Women in the Indian Electronic Music Industry: Where Do We Stand?
Surbhi Mittal

Surbhi Mittal

Jan 09Feminism

Women in the Indian Electronic Music Industry: Where Do We Stand?

Google ‘Top 10 Female DJs in India’ and the results will tell you a story that you might think would save you from reading further. So why should you keep reading? In this article, I attempt to bring you closer to the rapidly changing narrative around female talent in electronic music. Five years ago, you could count on the fingers of one hand, the number of female artists in the industry. While that has changed (thankfully), there is an ecosystem that needs to change along with it.

Female representation in musical pursuits in India has always been dominated by a few stars so bright that they seem to make up for the lack in numbers. Many of these stars are born in artist families with access or with upper caste privileges to achieve their dreams. Even as the country opens up to making its women self sufficient, most creative careers still lack practices that would support a gender neutral meritocracy. Even in metropolitan areas, young girls are dissuaded from pursuing creative careers due to the ‘element of risk’ as well other socio-cultural biases. As a result, few sign up to be educated in music and even fewer continue to make it into a career. Be it in Indian classical music academies or private schools of music learning and production, only 9-10% of total students are women: especially in Delhi, Bangalore and Bombay.

Like any other, the electronic music industry is one with a robust ecosystem. As we go through the networks at different layers, we see the number of women dwindling drastically. To begin with, if we look at the talent on the ‘front lines’ as music producers and DJs, it is estimated that 9-10% are women. The average representation sits at 27%, which while still low, is much better than the 9-10% in the electronic music industry. Perhaps, the most accurate representation of female talent on the front line would be at music festivals. Those like NH7 Weekender and Sunburn, which tap into the masses, would be ideal platforms to showcase female talent and inspire the masses to take it up. After all, Bollywood has inspired participation for years by producing mass entertainment. However, in the past 4 years, the number of female artists at NH7 was a mere 16% of the total lineup. At Sunburn, India’s prime dance music property, it doesn’t even go in double numbers, although it is difficult to accurately determine it given that access to parts of the festival is restricted. An online stream launched by Sunburn with its global artists to ‘ease’ the pandemic, will have you hard pressed to find any females on the lineup.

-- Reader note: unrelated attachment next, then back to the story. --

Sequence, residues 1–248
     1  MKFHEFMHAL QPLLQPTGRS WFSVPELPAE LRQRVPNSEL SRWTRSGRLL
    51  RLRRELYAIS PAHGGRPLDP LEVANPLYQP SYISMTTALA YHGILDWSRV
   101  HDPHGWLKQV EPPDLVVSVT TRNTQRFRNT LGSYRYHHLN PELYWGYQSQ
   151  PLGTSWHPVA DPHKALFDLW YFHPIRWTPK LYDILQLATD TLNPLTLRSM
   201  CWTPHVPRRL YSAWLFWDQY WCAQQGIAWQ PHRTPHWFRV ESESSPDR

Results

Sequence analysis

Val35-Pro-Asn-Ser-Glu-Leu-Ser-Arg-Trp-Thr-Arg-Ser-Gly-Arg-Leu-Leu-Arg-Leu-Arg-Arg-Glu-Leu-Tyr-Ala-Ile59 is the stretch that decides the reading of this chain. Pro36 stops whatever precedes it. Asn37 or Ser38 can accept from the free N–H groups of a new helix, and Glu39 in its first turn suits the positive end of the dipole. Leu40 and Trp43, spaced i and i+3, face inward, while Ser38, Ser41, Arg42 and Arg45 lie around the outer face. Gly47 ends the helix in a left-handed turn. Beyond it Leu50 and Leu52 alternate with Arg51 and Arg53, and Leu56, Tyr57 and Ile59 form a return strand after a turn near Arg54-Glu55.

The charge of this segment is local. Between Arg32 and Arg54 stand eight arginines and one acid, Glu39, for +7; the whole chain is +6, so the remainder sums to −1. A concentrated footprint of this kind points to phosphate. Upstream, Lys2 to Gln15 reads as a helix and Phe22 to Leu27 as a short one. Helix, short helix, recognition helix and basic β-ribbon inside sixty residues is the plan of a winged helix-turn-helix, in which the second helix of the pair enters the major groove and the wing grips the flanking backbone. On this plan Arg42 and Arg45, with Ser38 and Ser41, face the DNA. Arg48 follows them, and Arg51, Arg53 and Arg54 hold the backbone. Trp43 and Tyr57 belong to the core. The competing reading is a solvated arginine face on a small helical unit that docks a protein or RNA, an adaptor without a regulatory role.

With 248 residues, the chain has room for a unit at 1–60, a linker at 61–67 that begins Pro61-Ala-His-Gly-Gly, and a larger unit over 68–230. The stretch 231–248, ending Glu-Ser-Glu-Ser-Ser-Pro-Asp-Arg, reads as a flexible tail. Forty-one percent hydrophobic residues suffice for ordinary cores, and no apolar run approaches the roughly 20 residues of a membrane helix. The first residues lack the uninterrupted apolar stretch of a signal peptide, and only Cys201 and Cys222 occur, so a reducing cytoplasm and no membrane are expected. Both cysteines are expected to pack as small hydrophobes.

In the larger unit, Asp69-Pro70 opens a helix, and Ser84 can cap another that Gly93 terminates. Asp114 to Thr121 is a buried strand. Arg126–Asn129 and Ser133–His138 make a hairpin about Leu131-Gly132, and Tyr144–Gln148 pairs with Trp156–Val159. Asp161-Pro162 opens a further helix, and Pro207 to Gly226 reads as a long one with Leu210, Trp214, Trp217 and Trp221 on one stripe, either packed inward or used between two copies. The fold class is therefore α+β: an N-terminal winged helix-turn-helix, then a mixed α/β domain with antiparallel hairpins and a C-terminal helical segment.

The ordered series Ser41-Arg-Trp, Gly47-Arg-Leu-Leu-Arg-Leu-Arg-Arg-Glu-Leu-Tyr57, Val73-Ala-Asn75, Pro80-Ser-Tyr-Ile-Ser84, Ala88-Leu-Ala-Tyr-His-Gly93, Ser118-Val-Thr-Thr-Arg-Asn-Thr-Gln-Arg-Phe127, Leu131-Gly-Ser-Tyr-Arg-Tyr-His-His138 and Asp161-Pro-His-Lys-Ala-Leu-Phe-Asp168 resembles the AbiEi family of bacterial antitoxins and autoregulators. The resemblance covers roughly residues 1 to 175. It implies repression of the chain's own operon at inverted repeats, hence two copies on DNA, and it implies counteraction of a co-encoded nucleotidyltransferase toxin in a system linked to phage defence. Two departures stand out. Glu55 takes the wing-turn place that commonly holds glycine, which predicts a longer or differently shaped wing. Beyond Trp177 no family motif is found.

The uphill struggle of breaking the glass ceiling has moved quicker for female photographers and chefs, perhaps driven by the adequate representation of both fields in popular culture as well as media. This is clear from the ever popular example of mass Bollywood’s ground-breaking feminist movie, Queen, where the protaganist seeks emancipation by cooking for a restauranteur in a foreign land. Through the act of cooking, not to serve her family or husband but as a sous-chef to gain financial independence, she gains respect in her own eyes and eventually projects that in every other field of her life.

In other parts of the electronic dance music ecosphere, there are line producers, sound engineers, music journalists, artist managers, bartenders who work behind the scenes. Historically, given the socio-cultural biases and the preconceived notion that women cannot handle the ‘demands of the job’, women have been ‘protected’ from joining the business altogether. There are perhaps one or two female talents, such as Ritnika Nayan (artist manager) or Sandunes (music producer), across each profile whose names are rattled out everytime the question of equal representation arises. However, these are not nearly enough to create a momentum strong enough to bring about radical change.